Author Lauren Burns
Author Lauren Burns
Author Lauren Burns
Author Lauren Burns
Author Lauren Burns

Goliath falling: Huge industry meetings not all that they’re cracked up to be

Dec. 30, 2013
Interviews from the show floor at the Greater New York Dental Meeting focused on exhibitors' dissatisfaction in the GNYDM and ADA annual sessions from 2013.

December 30, 2013

Despite making changes to meeting formats, including more technologically-advanced, hands-on, worldly additions to the regular tradeshow schedule, exhibitors say that the American Dental Association Annual Meeting and the Greater New York Dental Meeting were not all they were cracked up to be in 2013.

GNYDM: Not your grandfather’s dental meeting

Many exhibitors were surprised and disappointed that the traffic at the ADA meetingwas slow. Though people expressed disdain with the locale chosen combined with the date – Halloween in New Orleans – the low amount of foot traffic was still a bit of a slap in the face to many exhibitors who paid dearly for floor space. And though space in New York offered a slightly better reward, some of the advertised aspects of the show didn’t pique as much interest as organizers thought.

ADA Annual Session 2013: Recap on dental technology

While attendees may have suffered from a lack of organization, exhibitors are also noting a difference in the way sales are done at meetings. No longer are dentists coming to see what’s new in dentistry and to learn about new products. Now they already know what’s new and what’s good about a particular product, so the hands-on experience that the Greater New York meeting prides itself on may not be as valuable as they thought. As Nick Conte, director of clinical research and education at Dentsply-Caulk told me, “Attendees aren’t coming up and asking, ‘What’s new?’ They are coming up and saying, ‘I want to see this.’ It relies on less selling, but results in a more serious purchase because they already know what they want.” Brian Shea, president and CEO of ProphyMagic, echoed this point. “I know I was fortunate at ADA because, although I didn’t hear many success stories, I personally did well,” he told me. “Attendance was down and the foot traffic was bad, but I had quality, not quantity [with sales].” Exhibitors agree that everyone would benefit from less time on the show floor. “Sunday was great for business,” Shea added. “It was a different show than Monday. It should really be a two-day meeting.”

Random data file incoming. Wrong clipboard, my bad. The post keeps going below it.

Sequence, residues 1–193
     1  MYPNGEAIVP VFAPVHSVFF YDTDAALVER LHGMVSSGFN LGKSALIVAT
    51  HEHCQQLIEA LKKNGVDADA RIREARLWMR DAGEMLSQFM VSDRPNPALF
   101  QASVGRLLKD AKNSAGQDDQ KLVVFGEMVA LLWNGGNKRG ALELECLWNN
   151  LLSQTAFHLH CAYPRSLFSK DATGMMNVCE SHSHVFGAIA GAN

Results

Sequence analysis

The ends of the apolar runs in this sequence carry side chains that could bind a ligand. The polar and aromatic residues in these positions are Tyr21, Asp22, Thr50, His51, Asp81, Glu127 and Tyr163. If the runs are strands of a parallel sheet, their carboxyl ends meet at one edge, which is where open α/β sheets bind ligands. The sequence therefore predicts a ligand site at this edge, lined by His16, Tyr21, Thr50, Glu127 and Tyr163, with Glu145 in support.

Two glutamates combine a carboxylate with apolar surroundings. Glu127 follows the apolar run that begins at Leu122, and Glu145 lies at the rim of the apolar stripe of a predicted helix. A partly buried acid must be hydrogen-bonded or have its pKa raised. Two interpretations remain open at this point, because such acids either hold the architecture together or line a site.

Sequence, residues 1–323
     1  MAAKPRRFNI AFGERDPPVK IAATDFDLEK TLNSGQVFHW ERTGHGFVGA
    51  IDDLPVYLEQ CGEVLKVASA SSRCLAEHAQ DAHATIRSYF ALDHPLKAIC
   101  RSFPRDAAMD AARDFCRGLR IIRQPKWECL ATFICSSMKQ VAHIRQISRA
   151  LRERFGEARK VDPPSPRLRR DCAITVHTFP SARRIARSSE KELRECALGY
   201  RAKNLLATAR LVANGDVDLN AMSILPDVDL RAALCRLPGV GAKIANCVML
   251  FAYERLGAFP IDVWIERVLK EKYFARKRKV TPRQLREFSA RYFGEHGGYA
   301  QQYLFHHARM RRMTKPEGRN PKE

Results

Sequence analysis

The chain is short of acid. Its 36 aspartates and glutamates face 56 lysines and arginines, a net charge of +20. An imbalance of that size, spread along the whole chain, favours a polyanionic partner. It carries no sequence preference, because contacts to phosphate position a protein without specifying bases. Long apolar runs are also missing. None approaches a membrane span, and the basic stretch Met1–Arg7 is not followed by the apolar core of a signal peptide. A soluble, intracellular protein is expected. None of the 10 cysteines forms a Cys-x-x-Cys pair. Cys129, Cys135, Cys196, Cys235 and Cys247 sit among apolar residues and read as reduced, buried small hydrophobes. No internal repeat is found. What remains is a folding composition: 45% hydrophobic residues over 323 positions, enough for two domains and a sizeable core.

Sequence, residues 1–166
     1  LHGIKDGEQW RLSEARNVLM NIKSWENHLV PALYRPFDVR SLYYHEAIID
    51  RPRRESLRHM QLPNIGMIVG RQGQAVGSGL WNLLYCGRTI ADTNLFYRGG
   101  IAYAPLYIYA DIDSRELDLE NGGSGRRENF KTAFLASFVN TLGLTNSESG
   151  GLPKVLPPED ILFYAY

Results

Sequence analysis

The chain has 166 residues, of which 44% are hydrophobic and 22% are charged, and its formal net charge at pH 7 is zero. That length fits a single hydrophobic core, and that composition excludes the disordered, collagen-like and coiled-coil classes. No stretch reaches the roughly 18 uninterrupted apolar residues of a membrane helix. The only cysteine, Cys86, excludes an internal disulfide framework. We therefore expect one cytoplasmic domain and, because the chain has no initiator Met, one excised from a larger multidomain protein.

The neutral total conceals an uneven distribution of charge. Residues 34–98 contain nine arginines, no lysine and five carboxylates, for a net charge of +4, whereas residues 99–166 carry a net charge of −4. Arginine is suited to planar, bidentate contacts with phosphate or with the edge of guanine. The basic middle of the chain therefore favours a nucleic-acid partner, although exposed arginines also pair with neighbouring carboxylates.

Shea wasn’t the only one with this opinion. I heard it repeated that, while Sunday is good for business, Monday is good for networking within the industry because of the slow traffic. Tuesday and Wednesday are just extra. John Hughes, Marketing Manager at Whip Mix, confirmed that Sunday was a great day for business. “I go to most big shows and have heard from a lot of people that the ADA wasn’t a good show. A friend at another company told me that he had better sales on Sunday [at GNYDM] than throughout his entire time at ADA.” While most people make their purchases on Sunday, exhibitors take advantage of Tuesday. “People are mostly coming to network because there is less emphasis placed on sales since people come in knowing about the products.” So for those two extra days in the week, dentists are losing business (if they’re still at the meeting), and exhibitors are counting ceiling tiles. “It’s such a drag to stand around all day,” Hughes added.

In addition, the New York meeting’s immediate proximity to the Thanksgiving holiday acts as a “double-edged sword” according to Kathryn Parrish, sales operations manager at Colgate Oral Pharmaceuticals. “The Greater New York meeting is great. It has always been strong in attendance and sales for us, though we have seen changes in traffic in the last few years – but that could be a result of poor economic conditions,” she told me on Monday of the meeting. “I don’t think that Thanksgiving keeps people from coming to the meeting, but I don’t think it makes it any easier to come either.” Parrish also reiterated that the ADA was “painfully slow.”

Though everyone I spoke to shared the opinion that the past two largest meetings were slow, they all admitted that they were not what they used to be. “The ADA is usually a branding show, while New York is usually a buyer’s show – but the ADA turned out to be a buyer’s show this year,” said the director of meetings at one major company. “New York was great last year,” he added conclusively.

Annual meetings – from the small, local shows to the biggest shows in the country – are all struggling to reach the attendance numbers that once were. But they may be trying too hard to do too much. Perhaps the answer is to simplify – at least then it wouldn’t be “such a drag.”

Lauren Burns is the editor of Proofs magazine and the email newsletters RDH Graduate and Proofs. She is currently based out of New York City. Follow her on Twitter: @ellekeid.